World Diabetes Day: Know the Facts

Posted on November 14, 2017 by kerri
There are misconceptions about all types of diabetes. For World Diabetes Day (November 14), we’re tackling the myths and misconceptions about diabetes with some solid facts.
The Most Common Types of Diabetes
  • Type 1 diabetes is an autoimmune disease that currently cannot be prevented or cured. T1D must be managed with lifelong insulin therapy by injection or insulin pump. Both children and adults can develop T1D.
  • Type 2 diabetes is genetically linked, and in some cases can be prevented by following a healthy diet, exercising regularly, and maintaining a healthy weight. However, genetics may trump even the most intentional work to stay healthy. [1]
  • Gestational diabetes affects 1 in 7 mothers when they give birth [2]
    • Half of women with gestational diabetes will develop type 2 diabetes 5 to 10 years following giving birth. [2.1]
  • There are other types of diabetes beyond T1D, T2D and gestational diabetes. Learn about the other types of diabetes here.
Diabetes in Women
  • Women with type 2 diabetes are nearly ten times as likely to develop heart disease compared to women who don’t have diabetes. [2.2]
  • Women with type 1 diabetes have an increased risk of pregnancy complications, having a miscarriage, or having a baby born with congenital anomalies (“birth defects”). [2.2]
  • Diabetes increases the risk of depression, which occurs about twice as often in women than men. [3]
  • Eating disorders are likely more common among women with diabetes than woman without diabetes, of any type. [3]
    • Bulimia is the most common eating disorder among women with T1D. [3.1]
      • “Diabulimia” is a colloquial term for an eating disorder unique to people with diabetes—it is also known as ED-DMT1 – Eating Disorder (in) Diabetes Mellitus, Type 1 [3.2]. As high blood sugars cause weight loss (diabetic ketoacidosis), insulin is reduced or omitted for the purpose of losing weight. [3.1]
      • Men can also develop diabulimia, but it is less common.
    • Binge eating disorder affects more women with T2D. [3.1]
Diabetes in Children
  • 132,000 American children under 18 live with diabetes. [4]
  • Type 1 diabetes is the most common type of diabetes among children, but can also be diagnosed in adults.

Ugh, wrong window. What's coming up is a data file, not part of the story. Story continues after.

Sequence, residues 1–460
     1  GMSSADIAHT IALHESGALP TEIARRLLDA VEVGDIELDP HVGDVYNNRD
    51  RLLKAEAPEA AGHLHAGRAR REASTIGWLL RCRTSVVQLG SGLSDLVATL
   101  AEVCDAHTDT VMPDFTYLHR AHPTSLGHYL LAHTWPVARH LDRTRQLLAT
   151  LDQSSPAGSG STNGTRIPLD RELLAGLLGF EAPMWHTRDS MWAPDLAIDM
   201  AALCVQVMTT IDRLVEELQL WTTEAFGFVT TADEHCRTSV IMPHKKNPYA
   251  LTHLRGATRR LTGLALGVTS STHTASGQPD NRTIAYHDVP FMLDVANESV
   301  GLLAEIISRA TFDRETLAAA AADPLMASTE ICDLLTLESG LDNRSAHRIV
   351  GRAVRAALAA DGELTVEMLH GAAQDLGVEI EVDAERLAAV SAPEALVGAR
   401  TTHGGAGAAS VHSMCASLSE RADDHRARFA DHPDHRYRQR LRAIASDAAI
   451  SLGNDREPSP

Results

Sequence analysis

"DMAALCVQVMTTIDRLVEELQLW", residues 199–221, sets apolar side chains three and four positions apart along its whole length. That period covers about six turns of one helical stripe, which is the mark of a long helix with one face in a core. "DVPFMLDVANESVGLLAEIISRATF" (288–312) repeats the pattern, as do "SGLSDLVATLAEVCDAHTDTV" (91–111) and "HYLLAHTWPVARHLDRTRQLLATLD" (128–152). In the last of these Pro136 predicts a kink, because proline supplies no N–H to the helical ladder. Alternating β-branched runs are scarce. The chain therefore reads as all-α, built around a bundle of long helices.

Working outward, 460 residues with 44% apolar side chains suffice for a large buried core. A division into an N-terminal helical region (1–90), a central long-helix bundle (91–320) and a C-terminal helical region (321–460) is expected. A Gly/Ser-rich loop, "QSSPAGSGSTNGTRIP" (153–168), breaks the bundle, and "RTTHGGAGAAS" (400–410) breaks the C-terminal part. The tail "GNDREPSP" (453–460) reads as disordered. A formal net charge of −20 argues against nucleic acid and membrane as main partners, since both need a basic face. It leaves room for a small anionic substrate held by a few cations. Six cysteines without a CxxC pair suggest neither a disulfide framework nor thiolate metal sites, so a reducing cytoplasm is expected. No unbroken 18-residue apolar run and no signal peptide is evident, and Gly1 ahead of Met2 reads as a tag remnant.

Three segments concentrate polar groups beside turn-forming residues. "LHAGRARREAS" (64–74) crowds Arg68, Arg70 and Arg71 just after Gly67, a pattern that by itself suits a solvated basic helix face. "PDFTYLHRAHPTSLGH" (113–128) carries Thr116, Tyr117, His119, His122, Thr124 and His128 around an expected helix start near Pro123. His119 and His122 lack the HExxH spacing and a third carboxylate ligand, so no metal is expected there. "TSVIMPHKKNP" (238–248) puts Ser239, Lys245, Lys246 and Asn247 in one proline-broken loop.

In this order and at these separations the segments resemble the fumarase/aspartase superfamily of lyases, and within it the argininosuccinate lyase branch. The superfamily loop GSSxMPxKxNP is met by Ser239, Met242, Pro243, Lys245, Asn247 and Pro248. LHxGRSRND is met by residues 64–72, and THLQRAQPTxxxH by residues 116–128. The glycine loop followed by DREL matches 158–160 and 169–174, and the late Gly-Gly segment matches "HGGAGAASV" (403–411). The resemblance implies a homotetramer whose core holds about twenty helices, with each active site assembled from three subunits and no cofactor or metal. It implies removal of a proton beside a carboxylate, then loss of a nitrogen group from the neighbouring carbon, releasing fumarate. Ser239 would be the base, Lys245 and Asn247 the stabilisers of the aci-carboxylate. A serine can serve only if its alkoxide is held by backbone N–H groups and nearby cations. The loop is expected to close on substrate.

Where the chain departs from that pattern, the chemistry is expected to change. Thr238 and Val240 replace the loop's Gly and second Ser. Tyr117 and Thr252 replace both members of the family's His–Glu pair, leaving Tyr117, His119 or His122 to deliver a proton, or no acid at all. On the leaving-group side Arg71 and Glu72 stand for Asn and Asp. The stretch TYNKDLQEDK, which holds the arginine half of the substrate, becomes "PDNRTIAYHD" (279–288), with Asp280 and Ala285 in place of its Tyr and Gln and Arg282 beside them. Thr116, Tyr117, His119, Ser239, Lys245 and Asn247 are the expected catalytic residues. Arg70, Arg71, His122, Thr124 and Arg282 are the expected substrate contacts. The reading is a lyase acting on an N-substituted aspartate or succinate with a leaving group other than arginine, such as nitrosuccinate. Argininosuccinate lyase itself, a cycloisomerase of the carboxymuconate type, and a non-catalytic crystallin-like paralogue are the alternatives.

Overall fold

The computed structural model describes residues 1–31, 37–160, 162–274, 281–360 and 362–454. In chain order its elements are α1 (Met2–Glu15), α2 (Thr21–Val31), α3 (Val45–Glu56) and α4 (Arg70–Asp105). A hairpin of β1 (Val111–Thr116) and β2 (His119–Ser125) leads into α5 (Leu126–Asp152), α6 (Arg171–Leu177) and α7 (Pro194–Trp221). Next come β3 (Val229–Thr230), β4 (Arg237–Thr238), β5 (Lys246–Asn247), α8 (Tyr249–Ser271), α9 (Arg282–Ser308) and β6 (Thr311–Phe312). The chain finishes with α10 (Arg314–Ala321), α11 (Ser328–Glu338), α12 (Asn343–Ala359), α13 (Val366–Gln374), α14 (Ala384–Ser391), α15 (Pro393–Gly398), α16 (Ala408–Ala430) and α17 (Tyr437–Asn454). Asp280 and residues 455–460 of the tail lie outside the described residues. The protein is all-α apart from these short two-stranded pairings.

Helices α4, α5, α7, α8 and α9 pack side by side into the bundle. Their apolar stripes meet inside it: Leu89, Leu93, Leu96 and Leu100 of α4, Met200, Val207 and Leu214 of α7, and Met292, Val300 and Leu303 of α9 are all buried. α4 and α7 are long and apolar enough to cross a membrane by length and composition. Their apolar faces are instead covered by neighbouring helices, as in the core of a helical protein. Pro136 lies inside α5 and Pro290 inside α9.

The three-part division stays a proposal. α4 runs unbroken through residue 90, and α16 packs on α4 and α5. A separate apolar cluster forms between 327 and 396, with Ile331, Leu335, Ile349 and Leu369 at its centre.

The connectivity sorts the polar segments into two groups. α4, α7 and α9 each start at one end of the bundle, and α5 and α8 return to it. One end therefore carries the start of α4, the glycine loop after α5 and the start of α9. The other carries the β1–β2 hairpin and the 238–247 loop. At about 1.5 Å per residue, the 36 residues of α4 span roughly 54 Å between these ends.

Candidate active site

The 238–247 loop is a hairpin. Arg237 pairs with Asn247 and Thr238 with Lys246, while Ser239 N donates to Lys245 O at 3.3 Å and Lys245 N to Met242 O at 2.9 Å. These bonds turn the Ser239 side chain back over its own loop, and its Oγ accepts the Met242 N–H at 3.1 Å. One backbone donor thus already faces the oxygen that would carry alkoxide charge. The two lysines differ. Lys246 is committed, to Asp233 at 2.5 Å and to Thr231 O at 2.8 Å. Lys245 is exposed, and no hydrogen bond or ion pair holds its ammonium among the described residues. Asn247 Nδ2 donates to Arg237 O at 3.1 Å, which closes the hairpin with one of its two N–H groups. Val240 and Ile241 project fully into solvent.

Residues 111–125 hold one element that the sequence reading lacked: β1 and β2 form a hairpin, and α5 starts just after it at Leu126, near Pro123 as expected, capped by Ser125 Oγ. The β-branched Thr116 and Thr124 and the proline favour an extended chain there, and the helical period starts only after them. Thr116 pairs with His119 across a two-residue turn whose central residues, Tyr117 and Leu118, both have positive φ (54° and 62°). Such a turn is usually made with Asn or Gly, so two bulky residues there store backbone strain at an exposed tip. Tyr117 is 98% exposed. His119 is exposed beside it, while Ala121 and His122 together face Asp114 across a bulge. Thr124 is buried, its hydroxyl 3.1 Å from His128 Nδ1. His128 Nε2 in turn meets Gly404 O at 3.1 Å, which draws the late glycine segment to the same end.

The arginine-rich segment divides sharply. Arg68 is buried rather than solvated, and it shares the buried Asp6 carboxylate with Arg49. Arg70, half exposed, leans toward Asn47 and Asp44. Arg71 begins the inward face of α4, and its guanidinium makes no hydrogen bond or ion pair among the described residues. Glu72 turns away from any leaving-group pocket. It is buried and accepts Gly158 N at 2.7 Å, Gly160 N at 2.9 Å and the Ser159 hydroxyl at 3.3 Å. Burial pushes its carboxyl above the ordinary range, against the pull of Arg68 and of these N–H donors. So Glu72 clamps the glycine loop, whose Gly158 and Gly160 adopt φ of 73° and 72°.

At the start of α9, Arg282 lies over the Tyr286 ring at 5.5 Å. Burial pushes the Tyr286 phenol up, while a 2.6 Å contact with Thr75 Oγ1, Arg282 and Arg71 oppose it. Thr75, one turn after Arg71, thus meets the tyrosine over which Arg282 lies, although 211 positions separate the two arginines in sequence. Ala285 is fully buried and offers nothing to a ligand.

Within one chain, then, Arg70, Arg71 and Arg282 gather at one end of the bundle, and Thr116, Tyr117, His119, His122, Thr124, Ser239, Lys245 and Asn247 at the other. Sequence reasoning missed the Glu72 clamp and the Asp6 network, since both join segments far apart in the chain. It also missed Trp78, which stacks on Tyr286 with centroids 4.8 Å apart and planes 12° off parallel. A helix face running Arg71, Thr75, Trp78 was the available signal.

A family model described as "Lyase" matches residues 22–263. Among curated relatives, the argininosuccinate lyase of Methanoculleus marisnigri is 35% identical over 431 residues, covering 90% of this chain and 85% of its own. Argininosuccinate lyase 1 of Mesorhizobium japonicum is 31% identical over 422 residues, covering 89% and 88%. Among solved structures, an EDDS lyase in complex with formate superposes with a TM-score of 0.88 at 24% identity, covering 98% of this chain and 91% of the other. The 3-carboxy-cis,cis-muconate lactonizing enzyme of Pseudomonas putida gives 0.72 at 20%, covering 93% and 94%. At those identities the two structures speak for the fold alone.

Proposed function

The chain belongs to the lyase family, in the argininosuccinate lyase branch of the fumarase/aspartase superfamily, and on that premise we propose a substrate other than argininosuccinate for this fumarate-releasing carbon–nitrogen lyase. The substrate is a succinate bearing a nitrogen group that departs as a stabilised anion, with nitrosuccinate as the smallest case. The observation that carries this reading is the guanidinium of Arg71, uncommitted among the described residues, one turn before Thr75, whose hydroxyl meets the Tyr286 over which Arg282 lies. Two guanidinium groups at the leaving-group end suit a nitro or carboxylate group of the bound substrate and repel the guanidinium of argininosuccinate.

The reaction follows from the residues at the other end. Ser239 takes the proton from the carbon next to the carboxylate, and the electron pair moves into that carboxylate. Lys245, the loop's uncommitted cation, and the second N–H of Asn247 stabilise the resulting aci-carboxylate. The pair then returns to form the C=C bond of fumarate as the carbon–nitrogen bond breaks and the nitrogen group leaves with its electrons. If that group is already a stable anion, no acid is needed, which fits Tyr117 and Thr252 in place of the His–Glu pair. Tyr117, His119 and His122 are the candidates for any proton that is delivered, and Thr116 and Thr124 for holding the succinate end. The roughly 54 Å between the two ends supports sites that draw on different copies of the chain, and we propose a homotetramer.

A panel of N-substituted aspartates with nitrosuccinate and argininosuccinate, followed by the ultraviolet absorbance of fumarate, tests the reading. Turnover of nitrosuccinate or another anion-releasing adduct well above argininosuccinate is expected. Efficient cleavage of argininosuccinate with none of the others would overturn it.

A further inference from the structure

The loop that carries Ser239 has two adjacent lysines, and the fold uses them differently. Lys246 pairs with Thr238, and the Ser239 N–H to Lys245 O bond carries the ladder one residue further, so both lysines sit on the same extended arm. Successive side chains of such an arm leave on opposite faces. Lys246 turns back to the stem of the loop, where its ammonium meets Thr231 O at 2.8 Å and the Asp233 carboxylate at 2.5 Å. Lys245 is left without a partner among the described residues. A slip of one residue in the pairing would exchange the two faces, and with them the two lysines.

• Type 2 diabetes, once thought to only affect adults, is a growing issue among children. Less than 0.8 per 100,000 children under 10 are affected by T2D—however in children 10-19, that rate raises to 11 per 100,000. [5]
  • Children are at higher risk if one or both parents also have diabetes.
Co-Occurring Conditions with Diabetes
  • Especially with type 1 diabetes, people are at higher risk of developing other autoimmune conditions.
  • Specifically, people with diabetes are more likely to develop Celiac disease and thyroid disorders, specifically hypothyroidism []. As well, Addison’s Disease is another autoimmune condition that may develop in people with T1D. [6]
  • Having diabetes is a risk factor for many other diseases. Taking control of diabetes can help prevent many diabetes related complications.
Regardless of the type of diabetes, diabetes is NOT a person’s “fault”. People should never be blamed for having diabetes—it doesn’t help! People with diabetes need the support of friends and family to help them stay healthy. If you have a friend or family member with diabetes, be educated and learn all you can about their type of diabetes, but don’t try to police their food choices or blood sugar levels—their diabetes is their responsibility! Ask them how you can help—and accept it if they say they are fine!. If they don’t already, encourage them to wear a diabetes medical ID bracelet or necklace to stay safe with the ups and downs of diabetes.
November is Diabetes Awareness Month (or American Diabetes Month)—if you missed World Diabetes Day on November 14, you can still wish your friends and family a happy Diabetes Awareness Month and share what you have learned!

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